Sisi's warm handshake with Ethiopian president sparks outrage in Egypt
Egyptian president Abdel Fattah al-Sisi has caused a stir after he was pictured in a smiling handshake with the Ethiopian president just days after Addis Ababa announced the fourth filling of a controversial mega-dam project, compromising Egyptian water supplies.
Sisi and his Ethiopian counterpart met on the sidelines of the New Global Financing Pact summit in Paris this week.
The Egyptian leader also met with European Commission chief Ursula Von Der Leyen, Ajay Banga of the World Bank and other African leaders.
Observers were quick to analyse the two men's body language - some alleging that Sisi appears in a deferential position to Ahmed at a time when Ethiopia has just launched the fourth filling of the Grand Ethiopian Renaissance Dam (GERD), despite protestations from countries downstream.
Yesterday's runner, today's lovers— El-sahab جريدة السحاب (@Shaban67671245) June 23, 2023
Sisi met with Abiy Ahmed on the sidelines of the summit of the new global finance pact in Paris, shook hands with him and exchanged smiles, noting that Ethiopia is in the fate of the fourth fill of the Renaissance Dam, which threatens Egypt pic.twitter.com/bPpU2tUZUw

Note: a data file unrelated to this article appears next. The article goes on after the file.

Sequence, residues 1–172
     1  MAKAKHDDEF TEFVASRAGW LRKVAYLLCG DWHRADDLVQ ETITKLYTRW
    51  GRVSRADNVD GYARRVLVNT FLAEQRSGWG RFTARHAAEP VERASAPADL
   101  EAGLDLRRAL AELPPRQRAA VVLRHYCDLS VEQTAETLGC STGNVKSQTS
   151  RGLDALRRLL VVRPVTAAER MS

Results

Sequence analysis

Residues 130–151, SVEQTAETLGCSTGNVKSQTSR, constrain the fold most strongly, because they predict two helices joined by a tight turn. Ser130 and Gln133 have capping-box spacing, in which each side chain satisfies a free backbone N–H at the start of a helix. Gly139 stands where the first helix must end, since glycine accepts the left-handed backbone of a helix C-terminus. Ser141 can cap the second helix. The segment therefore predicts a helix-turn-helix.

Abiy Ahmed had been documenting most of his meetings at the summit on Twitter. His moment with Sisi, however, did not get a mention.
President Sisi recently called on Ethiopia to “compromise” over the bitterly contested GERD project earlier in June, leading to speculation about a new approach to the Ethiopian mega-dam which Egypt fears could deprive it of life-giving water.
Sisi said he “stressed the importance of encouraging Ethiopia to adopt any compromise solution presented at the negotiating table which preserves its interests without abusing the rights of the downstream countries” - referring to Egypt and Sudan.
Sisi added that the goal was “to reach a legal and binding agreement regarding the filling and operation of the Renaissance Dam”.
Negotiations between Egypt, Ethiopia, and Sudan over the filling and operation of the dam have dragged on for years without any agreement.
While Ethiopia says the dam poses no threat to Egypt and Sudan, it has refused to sign a binding agreement regarding the operation of the dam.
Egypt in particular has been dependent for thousands of years on water from the Nile and fears that the dam could destroy its water supply and agriculture.